OK, here's an example of what I don't like about political ads on my site.
The one running to the right today says, "Tired of conservative hate and lies?" That's one of the first things people see when they come to this page. That bothers me. Hate and lies are bad bad things, and sometimes some conservatives do hateful or dishonest things, but there's something about that phrase that makes it sound like hate and lies are defining tenets of conservatism. It's branding conservatives, and branding this page.
In the ad we learn that radio moron Michael Savage said something dumb about Ted Kennedy. Who cares what Michael Savage says? And now he's the voice of conservatism?
So that's an example of why political ads at this site make me uncomfortable. They talk about some of the stuff I talk about, but not in my voice, and not when I feel like talking about it, even when I do agree with them.
News & Record editor John Robinson on the tension between blogs and corporate media: "Newspaper editors fighting it don't seem to know that they've already lost the battle. The only way to win now is to figure out how to play."
I will be moderating the session on politics and weblogs at BloggerCon III, Stanford Law School, November 6. It will be more like the participant-driven, Jarvisesque local gig we did here in August than the formal panel on media I emceed at the first Harvard B-Con -- is it possible that was only a year ago?
Martin Kozloff emails to say his letter does not represent his true beliefs.
Strange, in that Kozloff left beneath the original letter a comment (September 27 at 10:45 PM) in response to all the huzzahs: "It's more than nice to know that my feelings are shared by so many other folks...thanks for making me feel less alone. And I am heartened to know that there are many other fellow hoplites in our country who are willing to defend our families, values, and freedoms."
I asked him via email about that comment. He replied: "I thanked a lot of people (who had written me off line) for supporting the fact that I wrote a letter whose intent was to get people to think."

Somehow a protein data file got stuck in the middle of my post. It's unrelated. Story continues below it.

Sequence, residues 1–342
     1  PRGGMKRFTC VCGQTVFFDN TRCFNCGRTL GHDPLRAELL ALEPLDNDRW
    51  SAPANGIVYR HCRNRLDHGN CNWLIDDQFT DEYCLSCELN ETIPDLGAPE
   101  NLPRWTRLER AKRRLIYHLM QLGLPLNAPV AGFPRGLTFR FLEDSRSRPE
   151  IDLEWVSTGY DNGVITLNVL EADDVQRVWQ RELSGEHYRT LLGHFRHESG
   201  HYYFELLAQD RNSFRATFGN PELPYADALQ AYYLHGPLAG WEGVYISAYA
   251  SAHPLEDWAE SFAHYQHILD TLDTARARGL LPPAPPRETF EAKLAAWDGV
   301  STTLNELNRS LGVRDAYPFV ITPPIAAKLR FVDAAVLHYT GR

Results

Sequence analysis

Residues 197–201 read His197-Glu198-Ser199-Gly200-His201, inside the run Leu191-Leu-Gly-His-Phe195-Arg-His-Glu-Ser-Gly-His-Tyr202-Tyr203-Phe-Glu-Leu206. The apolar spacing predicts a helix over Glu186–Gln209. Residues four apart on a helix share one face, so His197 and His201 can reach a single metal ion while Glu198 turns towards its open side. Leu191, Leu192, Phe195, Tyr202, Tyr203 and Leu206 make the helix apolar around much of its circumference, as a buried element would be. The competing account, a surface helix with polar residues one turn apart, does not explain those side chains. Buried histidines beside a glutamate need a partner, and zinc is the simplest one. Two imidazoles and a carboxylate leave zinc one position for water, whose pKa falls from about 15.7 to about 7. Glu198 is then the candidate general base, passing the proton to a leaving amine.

But the comment doesn't say anything about offline support. It concludes: "I was writing to express the burning rage I feel every time another of our soldiers is killed and every time politicians, media heads, and academics discredit our nation and weaken our morale. I was writing what I believe will happen if our enemies attack us again."
Atrios has some more info on Kozloff's past postings, and blogger Christian Grantham says he spoke to the professor yesterday.
Kozloff emailed me to say: "The letter is a fiction. A rhetorical device. From a summary of what I take to changes in ordinary Americans as this war goes on. I am very saddened and afraid that we will replace democratic discussion with violent rhetoric. I had hoped the letter would get people on both sides to look at themseles. And I said as much inj the comment section when it was clear that it had evoked such heat. Unfortunately, they merely attacked me. I do NOT advocate any of the racist and violent statements in that letter. Again, that letter is NOT what I advocate."
I then emailed him this list of questions:
What do you advocate in terms of relations with Americans of Arab-Muslim extraction?
How do you feel about the comments you receive at Horsefeathers that are in complete accord with the views stated in the letter?